CONCLUSION

We reverse the trial court's decision and award Buyer $205,000.  Further, we remand the matter to the trial court to determine if attorney's fees should be awarded.

REVERSED AND REMANDED.

WILLIAMS, J., concurs.

PIEPER, J., dissents in a separate opinion.

PIEPER, J., dissenting: 

I respectfully dissent and would affirm the trial court's denial of the request for restitution by Appellant JASDIP Properties SC, LLC (JASDIP). 

I am reluctant to reverse the judgment of the trial court because JASDIP had an adequate remedy at law, which the jury rejected.  Generally, equity is available when a party does not have an adequate remedy at law.  See EllisDon Constr., Inc. v. Clemson Univ., 391 S.C. 552, 555, 707 S.E.2d 399, 401 (2011).  "A party failing to fulfill the requirements of its legal remedy cannot later come to the courts complaining of hardship, seeking an equitable remedy."  Id.  The jury's verdict may be read in a different manner other than as a finding that neither party breached the contract.  For example, the jury could have based its decision on whether damages were sufficiently proven.  The judge charged the jury on all elements of a breach of contract cause of action, which includes the existence of a contract, breach, and damages.  See Maro v. Lewis, 389 S.C. 216, 222, 697 S.E.2d 684, 688 (Ct. App. 2010) (noting in an action for breach of contract, the plaintiff has the burden of proving the existence of a contract, breach, and damages caused by the breach).  Additionally, the verdict form contained a query instructing the jury to find for either the plaintiff or the defendant and used the terms "Breach of Contract claim," which encompasses all of the elements required to prove a cause of action for breach of contract.  I find it noteworthy that the parties did not seek an additional interrogatory before the jury was excused as to whether the jury found for Respondent Stewart Richardson on JASDIP's claim based on the failure to prove breach or damages.  If the jury resolved this question on the same damages component sought in equity, then JASDIP should not be entitled to an equitable remedy on its rejected legal claim.  Therefore, I believe we may affirm on this basis.  See Rule 220(c), SCACR ("The appellate court may affirm any ruling, order, decision or judgment upon any ground(s) appearing in the Record on Appeal.").

To the extent JASDIP has not argued on appeal that the inadequacy of a legal remedy justifies equitable relief, I nonetheless would affirm the trial court's decision to deny equitable relief based upon the record herein.  To recover for unjust enrichment based on restitution, "the plaintiff must show (1) that he conferred a non-gratuitous benefit on the defendant; (2) that the defendant realized some value from the benefit; and (3) that it would be inequitable for the defendant to retain the benefit without paying the plaintiff for its value."  Sauner v. Pub. Serv. Auth. of S.C., 354 S.C. 397, 409, 581 S.E.2d 161, 167 (2003).  A non-gratuitous benefit is a benefit conferred either at the defendant's request or in circumstances where the plaintiff reasonably relied upon or ought to have understood that the plaintiff expected compensation and looked to the defendant for payment.  Niggel Assocs., Inc. v. Polo's of N. Myrtle Beach, Inc., 296 S.C. 530, 532-33, 374 S.E.2d 507, 509 (Ct. App. 1988).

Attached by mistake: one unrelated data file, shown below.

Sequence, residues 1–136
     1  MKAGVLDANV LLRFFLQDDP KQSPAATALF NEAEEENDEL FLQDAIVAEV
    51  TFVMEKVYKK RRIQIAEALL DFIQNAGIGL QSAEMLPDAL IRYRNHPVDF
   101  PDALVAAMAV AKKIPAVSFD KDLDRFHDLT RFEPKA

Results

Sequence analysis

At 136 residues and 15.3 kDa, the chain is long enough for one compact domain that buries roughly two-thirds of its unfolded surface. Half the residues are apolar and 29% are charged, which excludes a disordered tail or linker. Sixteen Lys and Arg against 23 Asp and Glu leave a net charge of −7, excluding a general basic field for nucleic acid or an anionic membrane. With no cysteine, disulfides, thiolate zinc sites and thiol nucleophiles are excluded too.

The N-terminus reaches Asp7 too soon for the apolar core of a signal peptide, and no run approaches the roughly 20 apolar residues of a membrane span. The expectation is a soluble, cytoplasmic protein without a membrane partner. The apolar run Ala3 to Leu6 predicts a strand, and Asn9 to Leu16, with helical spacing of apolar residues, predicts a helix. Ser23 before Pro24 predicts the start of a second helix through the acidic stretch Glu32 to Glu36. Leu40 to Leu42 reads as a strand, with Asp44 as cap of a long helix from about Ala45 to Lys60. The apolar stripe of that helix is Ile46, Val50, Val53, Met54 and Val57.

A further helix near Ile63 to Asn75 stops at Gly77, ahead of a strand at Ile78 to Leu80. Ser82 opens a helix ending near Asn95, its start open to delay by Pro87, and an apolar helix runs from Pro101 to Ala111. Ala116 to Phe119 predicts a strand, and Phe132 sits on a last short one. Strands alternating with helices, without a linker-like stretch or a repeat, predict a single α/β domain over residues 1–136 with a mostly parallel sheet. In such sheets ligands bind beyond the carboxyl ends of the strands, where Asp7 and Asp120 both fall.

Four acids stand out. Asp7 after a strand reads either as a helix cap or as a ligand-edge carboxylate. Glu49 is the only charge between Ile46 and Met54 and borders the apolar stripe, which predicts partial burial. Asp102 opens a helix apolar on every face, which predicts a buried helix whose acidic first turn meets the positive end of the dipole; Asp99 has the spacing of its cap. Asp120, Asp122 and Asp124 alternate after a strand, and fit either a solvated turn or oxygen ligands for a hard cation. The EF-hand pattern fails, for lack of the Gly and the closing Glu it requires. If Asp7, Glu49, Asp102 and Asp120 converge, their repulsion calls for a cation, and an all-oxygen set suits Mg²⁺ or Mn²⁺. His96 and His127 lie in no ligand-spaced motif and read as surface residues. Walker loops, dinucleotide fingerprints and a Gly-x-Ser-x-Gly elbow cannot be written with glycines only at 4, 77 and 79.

In denying JASDIP's request for restitution, the trial court noted the substantial evidence of damages Richardson claimed to have sustained as a result of the delay in closing on the property and that the delay was not caused by Richardson.  Richardson testified about the mortgage payments he had to make as a result of JASDIP's failure to close on time.  He also testified that he did not have any income as a result of closing the business to facilitate the sale of the property, and testified about his inability to reopen the business as a result of the change in zoning of the property.  Richardson testified about damage that was done to his property during JASDIP's inspection, including ceilings and air conditioning ducts that had been torn out, which Richardson repaired at a cost of $42,000.  Richardson incurred $15,524 in attorney's fees defending this action by JASDIP.  Finally, Richardson testified regarding $320,174 in living and mortgage expenses he incurred after he closed his business and was unable to reopen the business because the property had been rezoned.  Based on this testimony, JASDIP has not met its burden of showing that it would be inequitable for Richardson to retain the $215,000 JASDIP paid towards the purchase price of the property. 

Since JASDIP has not met its burden of convincing this court that the trial court's equitable decision is erroneous, I would therefore affirm.  See Lewis v. Lewis, Op. No. 26973 (S.C. Sup. Ct. filed May 9, 2011) (Shearouse Adv. Sh. No. 16 at 41, 51) ("[A]n appellant is not relieved of his burden to demonstrate error in the [trial] court's findings of fact.").


[1] The Estate of Stewart Richardson was substituted as the appropriate party to the appeal after the parties informed this court at oral arguments of Richardson's death during the pendency of the appeal.

[2] Seller closed the business shortly before the original closing date.

[3] Earnest money is "[a] deposit paid (often in escrow) by a prospective buyer (esp[ecially] of real estate) to show a good-faith intention to complete the transaction, and ordinarily forfeited if the buyer defaults."  Black's Law Dictionary 584 (9th ed. 2009).

[4] Seller received $8,100 in extension fees that he would keep as well as the $5,000 as half of the earnest money.